This week on WPblab we’ll be discussing how to market your WordPress niche with Twitter Chats. It should be a fun episode learning how to interact with a twitter chat and how to run one yourself using your own hashtag.
Twitter Chats – using hashtags: (#) + ‘keyword’ to filter/track related posts on a specific topic
Back in the 90’s AOL had chatrooms with names where you could talk to people about a common topic. Anyone was welcome and it was public. Twitter chats are the modern day version of that.
Hashtags help you to filter and search twitter – Twitter chats are “LIVE” versions of that search where people are commenting and participating in real-time
You can register your chat on twubs.com but NO ONE can own a hashtag (since anyone can type and use them). It’s important for your hashtag to be unique. If you see a hashtag that was once used but is no longer, you can always ask the original parties who used it if it’s available, but better to select something no one is already using.
Twitter chats can take 3-4 hours a week to manage.
If you are starting one from scratch, ask some friends to join you when you launch!
You’ll need 6-10 questions – extra brownie points if you post them in advance to blog/social media for people to see and plan ahead!
Try to set a specific time for your chat every week & hold them regularly so people always know when to tune in – don’t forget that people need to be reminded, too
Also, do a recap / summary post after the chat for people who missed out.
You want to pick good questions that will produce good answers to help further the conversation! It’s like reverse engineering a blog post. Know what answers/discussions you are looking to have and work backwards to develop the questions that will get you there.
Consider adding a category to your blog for the twitter chats to keep an archive of the recaps
If you get stuck looking for a topic, ask your audience and give them credit for the idea
Be committed – it can take up to a year to develop a solid chat
A twitter chat is a lot like a talk show except everyone gets to answer at the same time – you need to keep things organized or a busy chat can easily get out of control. Use a format like Q1) … Q2)… and encourage your participants to use A1)…. A2) for their answers. Try to discourage hitting ‘reply’.
TweetReach.com – get stats on last 100 tweets
When you attend a twitter chat and interact, you know you’re chatting with real people, not bots – you will usually pick up followers and not just random followers, but quality ones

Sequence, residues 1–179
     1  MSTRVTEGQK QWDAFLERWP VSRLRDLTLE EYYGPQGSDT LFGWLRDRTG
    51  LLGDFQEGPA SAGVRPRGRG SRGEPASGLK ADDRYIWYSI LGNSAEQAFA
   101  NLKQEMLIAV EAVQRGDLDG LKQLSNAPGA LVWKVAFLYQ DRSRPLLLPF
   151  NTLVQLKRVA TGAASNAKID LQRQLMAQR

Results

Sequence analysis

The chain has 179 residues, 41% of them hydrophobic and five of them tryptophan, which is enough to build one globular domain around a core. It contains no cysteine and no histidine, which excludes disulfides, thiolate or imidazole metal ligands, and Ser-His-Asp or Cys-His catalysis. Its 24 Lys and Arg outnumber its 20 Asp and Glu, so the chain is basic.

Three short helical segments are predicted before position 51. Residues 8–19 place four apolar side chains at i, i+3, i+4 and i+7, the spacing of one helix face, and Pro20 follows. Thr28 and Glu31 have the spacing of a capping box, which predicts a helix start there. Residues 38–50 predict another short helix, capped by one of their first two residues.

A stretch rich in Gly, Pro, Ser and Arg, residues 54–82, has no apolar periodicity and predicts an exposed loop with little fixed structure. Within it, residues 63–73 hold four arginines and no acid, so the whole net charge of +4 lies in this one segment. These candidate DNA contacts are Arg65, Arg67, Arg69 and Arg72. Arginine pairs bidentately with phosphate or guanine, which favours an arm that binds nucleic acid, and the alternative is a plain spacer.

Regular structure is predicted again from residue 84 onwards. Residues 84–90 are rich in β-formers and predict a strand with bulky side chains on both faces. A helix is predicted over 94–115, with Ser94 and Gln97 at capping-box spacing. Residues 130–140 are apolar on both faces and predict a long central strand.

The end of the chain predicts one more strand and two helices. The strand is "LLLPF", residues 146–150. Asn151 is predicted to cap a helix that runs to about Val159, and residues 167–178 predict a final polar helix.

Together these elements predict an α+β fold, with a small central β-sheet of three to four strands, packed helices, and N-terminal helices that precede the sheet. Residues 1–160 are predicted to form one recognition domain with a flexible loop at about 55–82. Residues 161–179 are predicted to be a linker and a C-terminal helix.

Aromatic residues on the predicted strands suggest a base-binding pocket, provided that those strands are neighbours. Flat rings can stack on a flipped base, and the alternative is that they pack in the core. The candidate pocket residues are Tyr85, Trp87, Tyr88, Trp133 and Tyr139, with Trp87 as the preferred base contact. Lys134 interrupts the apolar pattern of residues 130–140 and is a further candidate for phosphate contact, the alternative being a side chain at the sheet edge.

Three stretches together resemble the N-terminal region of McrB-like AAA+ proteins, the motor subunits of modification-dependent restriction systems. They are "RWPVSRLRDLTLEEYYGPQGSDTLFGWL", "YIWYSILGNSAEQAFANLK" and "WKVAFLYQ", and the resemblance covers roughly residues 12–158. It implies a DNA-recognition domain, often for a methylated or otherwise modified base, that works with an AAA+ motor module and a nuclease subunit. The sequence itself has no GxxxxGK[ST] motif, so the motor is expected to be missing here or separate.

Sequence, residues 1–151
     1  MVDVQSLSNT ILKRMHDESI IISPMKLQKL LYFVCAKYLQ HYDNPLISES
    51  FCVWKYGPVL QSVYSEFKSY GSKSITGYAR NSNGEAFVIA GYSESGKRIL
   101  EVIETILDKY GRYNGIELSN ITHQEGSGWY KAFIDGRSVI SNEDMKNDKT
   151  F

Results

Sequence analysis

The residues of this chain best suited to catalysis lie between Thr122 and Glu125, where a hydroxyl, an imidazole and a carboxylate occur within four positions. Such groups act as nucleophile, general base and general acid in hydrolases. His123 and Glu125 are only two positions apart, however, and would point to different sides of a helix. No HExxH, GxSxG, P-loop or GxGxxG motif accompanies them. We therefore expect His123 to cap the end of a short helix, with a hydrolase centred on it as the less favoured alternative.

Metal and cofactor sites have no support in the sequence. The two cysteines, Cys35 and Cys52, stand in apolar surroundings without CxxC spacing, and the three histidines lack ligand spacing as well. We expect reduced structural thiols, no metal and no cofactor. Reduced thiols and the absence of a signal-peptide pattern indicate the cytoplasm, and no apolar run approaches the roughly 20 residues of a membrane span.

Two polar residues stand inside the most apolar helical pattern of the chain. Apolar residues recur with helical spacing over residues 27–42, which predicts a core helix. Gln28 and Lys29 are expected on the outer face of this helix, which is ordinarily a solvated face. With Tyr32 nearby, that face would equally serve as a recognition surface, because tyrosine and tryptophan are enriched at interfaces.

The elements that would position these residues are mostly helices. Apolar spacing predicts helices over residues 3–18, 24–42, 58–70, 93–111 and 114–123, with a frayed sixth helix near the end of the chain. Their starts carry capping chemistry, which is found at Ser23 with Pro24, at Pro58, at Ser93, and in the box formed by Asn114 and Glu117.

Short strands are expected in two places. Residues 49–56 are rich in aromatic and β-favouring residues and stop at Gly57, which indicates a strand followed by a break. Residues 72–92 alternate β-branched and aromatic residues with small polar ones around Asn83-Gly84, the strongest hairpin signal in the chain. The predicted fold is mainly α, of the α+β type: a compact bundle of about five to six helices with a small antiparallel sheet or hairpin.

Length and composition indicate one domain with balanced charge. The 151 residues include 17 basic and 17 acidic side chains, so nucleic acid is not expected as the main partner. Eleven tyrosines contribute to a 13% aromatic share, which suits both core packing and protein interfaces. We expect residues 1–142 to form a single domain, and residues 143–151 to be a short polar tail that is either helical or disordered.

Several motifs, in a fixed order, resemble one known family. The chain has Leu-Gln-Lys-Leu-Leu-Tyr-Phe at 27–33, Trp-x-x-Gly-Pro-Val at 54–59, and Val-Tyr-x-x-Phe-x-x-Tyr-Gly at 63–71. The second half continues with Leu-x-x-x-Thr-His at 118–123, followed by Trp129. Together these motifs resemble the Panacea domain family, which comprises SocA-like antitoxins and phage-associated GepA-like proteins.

Make a Twitter List based on your chats to help track people who are participating. Then you can engage with them during the week when the chat is not happening.
The main purpose (from a strategic viewpoint) of attending or running a twitter chat is to establish yourself as a leader or expert in that niche
Don’t be afraid to ask higher profile twitter users or users with a lot of influence who are related to your topic to join you in hosting one of your chats!
Oembed -allows you to embed tweets on your blog and/or website
Favorite your own tweets – it’s “bookmarking”! Then when people answer your questions, heart all of them. As soon as chat ends, take another 30-60 mins to go back to your profile “likes” and work backwards to find the answers to the questions. Right-click and select “copy link” and then unfavorite and then go to the next. Pick the 3-5 best answers!
Project on GitHub called ‘T’ sferik – twitter client for terminal: https://github.com/sferik/t
If you do host a chat, it’s highly recommended to add that information to your Twitter bio – when people click the hashtag, it will suggest people for them to follow
use the right social network to promote – think of your audience.
Best promotion is blog post. In your blog, try to include a feature/plugin that allows them to add the chat to their calendar.
Post about it in relevant groups, but ONLY if you are a giver / active participant. A little bit of generosity goes a long way.
Find out what your ‘niche’ is – what is that you do that makes you special! What is that you love, what kind of clients do you take on the most? Is there a theme or a pattern to how you spend your time or who you work with? Are there things that you are really good at?
Look at your twitter analytics – what do your followers / friends have in common? Is your account the right account to run this specific chat on? Make sure if you are going to run a chat – make sure it’s line with you, your areas of expertise, and your audience.
Repurpose content – look back at your old blog posts
Thanks for helping with our show notes!
Cheryl LaPrade @yaycheryl
Sherie LaPrade @heysherie
James Tryon @jamestryon